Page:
of the lake, the dawn arrival of the idiot
with catfish--most of all, above the lake
the temple and our sanctuary there?

Nothing dies as slowly as a scene.
The dusty jukebox cracking through
the cackle of a beered-up crone--
wagered wine--sudden need to dance--
these remain in the black debris.
Although I know in time the lake will send
wind black enough to blow it all away.


by Richard Hugo |

Degrees Of Gray In Philipsburg

 You might come here Sunday on a whim.
Say your life broke down. The last good kiss
you had was years ago. You walk these streets
laid out by the insane, past hotels
that didn't last, bars that did, the tortured try
of local drivers to accelerate their lives.
Only churches are kept up. The jail
turned 70 this year. The only prisoner
is always in, not knowing what he's done.

The principal supporting business now
is rage. Hatred of the various grays
the mountain sends, hatred of the mill,
The Silver Bill repeal, the best liked girls
who leave each year for Butte. One good
restaurant and bars can't wipe the boredom out.
The 1907 boom, eight going silver mines,
a dance floor built on springs--
all memory resolves itself in gaze,
in panoramic green you know the cattle eat
or two stacks high above the town,
two dead kilns, the huge mill in collapse
for fifty years that won't fall finally down.

Isn't this your life? That ancient kiss
still burning out your eyes? Isn't this defeat
so accurate, the church bell simply seems
a pure announcement: ring and no one comes?
Don't empty houses ring? Are magnesium
and scorn sufficient to support a town,
not just Philipsburg, but towns
of towering blondes, good jazz and booze
the world will never let you have
until the town you came from dies inside?

Say no to yourself. The old man, twenty
when the jail was built, still laughs
although his lips collapse. Someday soon,
he says, I'll go to sleep and not wake up.
You tell him no. You're talking to yourself.
The car that brought you here still runs.
The money you buy lunch with,
no matter where it's mined, is silver
and the girl who serves your food
is slender and her red hair lights the wall.


by Richard Hugo |

Farmer Dying

 for Hank and Nancy

Seven thousand acres of grass have faded yellow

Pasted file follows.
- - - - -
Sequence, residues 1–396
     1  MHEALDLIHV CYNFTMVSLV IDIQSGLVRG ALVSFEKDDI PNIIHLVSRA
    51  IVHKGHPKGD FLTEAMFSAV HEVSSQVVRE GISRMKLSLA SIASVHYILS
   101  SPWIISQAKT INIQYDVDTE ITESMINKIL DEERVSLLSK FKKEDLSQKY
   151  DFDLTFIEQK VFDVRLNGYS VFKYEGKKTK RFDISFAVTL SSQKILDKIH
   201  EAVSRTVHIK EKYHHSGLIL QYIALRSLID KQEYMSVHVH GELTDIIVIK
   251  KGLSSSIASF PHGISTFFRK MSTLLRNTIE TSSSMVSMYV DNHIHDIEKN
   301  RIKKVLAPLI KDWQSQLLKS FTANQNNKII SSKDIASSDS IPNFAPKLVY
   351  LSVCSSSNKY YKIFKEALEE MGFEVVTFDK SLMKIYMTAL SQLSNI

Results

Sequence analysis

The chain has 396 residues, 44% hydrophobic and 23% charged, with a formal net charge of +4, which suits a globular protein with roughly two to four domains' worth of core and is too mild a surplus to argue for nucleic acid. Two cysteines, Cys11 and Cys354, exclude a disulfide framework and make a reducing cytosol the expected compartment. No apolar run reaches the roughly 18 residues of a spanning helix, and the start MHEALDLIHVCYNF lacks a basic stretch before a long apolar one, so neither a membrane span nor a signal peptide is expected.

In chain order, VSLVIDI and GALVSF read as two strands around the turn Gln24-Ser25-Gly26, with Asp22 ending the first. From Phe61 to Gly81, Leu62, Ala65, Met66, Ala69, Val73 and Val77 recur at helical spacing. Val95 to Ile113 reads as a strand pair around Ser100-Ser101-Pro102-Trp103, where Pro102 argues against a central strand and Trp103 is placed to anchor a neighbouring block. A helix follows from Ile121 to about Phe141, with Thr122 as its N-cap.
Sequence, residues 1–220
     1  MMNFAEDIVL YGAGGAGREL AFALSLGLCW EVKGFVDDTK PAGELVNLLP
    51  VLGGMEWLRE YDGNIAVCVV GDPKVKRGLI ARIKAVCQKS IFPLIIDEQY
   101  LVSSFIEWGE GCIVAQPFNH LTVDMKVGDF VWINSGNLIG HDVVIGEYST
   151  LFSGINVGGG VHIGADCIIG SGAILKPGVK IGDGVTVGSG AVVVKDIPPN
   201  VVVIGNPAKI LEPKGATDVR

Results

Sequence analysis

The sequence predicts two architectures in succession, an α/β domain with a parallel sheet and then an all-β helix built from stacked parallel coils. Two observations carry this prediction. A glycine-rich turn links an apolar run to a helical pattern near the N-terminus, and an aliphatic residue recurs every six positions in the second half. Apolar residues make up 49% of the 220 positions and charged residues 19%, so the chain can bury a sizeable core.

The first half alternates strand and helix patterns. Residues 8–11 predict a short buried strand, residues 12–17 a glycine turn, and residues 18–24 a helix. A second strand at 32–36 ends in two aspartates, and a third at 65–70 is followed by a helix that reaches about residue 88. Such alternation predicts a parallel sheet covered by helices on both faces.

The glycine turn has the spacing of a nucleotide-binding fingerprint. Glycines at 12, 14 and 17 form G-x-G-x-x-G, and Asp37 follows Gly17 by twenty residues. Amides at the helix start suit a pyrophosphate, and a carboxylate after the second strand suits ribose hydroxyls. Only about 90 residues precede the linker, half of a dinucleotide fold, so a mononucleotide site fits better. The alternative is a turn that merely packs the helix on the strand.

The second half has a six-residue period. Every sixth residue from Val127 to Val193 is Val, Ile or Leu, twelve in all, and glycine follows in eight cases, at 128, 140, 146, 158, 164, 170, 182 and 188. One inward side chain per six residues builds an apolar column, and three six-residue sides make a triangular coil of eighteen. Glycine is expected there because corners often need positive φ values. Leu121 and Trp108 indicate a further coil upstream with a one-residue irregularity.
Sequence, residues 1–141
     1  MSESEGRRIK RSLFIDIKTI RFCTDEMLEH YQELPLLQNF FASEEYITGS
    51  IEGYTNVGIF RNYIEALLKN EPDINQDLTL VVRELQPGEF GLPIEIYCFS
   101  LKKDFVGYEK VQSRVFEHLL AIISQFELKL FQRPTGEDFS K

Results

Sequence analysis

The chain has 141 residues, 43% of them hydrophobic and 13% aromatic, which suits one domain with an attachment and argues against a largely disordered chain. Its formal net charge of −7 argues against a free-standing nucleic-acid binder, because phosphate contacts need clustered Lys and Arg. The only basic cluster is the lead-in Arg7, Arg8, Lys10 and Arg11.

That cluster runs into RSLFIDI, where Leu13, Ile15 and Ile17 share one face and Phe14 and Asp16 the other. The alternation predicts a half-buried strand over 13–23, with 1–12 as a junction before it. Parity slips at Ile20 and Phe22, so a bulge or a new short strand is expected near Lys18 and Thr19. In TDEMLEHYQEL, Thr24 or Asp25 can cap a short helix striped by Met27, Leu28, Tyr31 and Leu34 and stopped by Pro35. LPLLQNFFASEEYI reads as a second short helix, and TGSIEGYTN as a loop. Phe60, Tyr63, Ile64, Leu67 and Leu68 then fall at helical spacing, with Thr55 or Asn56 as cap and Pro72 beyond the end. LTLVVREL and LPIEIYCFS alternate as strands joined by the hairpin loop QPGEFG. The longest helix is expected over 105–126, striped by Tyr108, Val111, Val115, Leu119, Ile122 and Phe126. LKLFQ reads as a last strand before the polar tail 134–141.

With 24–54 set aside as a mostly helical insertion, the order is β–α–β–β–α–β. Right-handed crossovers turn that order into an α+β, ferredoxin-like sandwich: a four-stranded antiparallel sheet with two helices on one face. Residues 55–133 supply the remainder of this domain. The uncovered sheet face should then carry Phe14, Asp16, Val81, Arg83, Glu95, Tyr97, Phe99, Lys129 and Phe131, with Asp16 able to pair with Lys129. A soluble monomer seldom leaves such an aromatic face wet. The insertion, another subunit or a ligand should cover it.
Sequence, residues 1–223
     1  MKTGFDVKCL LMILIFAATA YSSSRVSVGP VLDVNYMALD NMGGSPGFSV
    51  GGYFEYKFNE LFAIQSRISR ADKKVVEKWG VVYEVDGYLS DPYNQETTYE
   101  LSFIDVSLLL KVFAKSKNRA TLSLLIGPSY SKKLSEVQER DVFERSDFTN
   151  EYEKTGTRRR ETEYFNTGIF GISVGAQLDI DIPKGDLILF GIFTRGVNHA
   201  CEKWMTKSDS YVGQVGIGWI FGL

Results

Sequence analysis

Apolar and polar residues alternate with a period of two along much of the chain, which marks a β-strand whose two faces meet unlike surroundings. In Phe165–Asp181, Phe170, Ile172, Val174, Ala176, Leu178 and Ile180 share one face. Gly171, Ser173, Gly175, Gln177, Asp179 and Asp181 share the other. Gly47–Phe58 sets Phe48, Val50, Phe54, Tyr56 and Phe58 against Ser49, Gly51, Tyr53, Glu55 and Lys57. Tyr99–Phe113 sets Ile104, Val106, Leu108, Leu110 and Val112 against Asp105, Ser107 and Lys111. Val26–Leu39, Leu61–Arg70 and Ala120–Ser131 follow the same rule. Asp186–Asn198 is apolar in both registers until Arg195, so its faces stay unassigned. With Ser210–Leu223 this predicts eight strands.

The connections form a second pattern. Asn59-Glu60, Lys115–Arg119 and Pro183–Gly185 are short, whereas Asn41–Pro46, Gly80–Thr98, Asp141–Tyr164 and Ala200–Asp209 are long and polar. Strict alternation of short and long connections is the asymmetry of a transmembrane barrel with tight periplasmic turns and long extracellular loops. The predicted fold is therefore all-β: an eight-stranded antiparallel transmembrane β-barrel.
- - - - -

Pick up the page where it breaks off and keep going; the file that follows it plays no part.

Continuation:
from his cough. These limp days, his anger,
legend forty years from moon to Stevensville,
lives on, just barely, in a Great Falls whore.
Cruel times, he cries, cruel winds. His geese roam
unattended in the meadow. The gold last leaves
of cottonwoods ride Burnt Fork creek away.
His geese grow fat without him. Same old insult.
Same indifferent rise of mountains south,
hunters drunk around the fire ten feet from his fence.

What's killing us is something autumn. Call it
war or fever. You know it when you see it: flare.
Vine and fire and the morning deer come half
a century to sip his spring, there, at the far end
of his land, wrapped in cellophane by light.
What lives is what he left in air, definite,
unseen, hanging where he stood the day he roared.
A bear prowls closer to his barn each day.
Farmers come to watch him die. They bring crude offerings
of wine. Burnt Fork creek is caroling. He dies white
in final anger. The bear taps on his pane.

And we die silent, our last days loaded with the scream
of Burnt Fork creek, the last cry of that raging farmer.
We have aged ourselves to stone trying to summon
mercy for ungrateful daughters. Let's live him
in ourselves, stand deranged on the meadow rim
and curse the Baltic back, moon, bear and blast.
And let him shout from his grave for us.


by Richard Hugo |

Underwater Autumn

 Now the summer perch flips twice and glides
a lateral fathom at the first cold rain,
the surface near to silver from a frosty hill.
Along the weed and grain of log he slides his tail.

Nervously the trout (his stream-toned heart
locked in the lake, his poise and nerve disgraced)
above the stirring catfish, curves in bluegill dreams
and curves beyond the sudden thrust of bass.

Surface calm and calm act mask the detonating fear,
the moving crayfish claw, the stare
of sunfish hovering above the cloud-stained sand,
a sucker nudging cans, the grinning maskinonge.

How do carp resolve the eel and terror here?
They face so many times this brown-ribbed fall of leaves
predicting weather foreign as a shark or prawn
and floating still above them in the paling sun.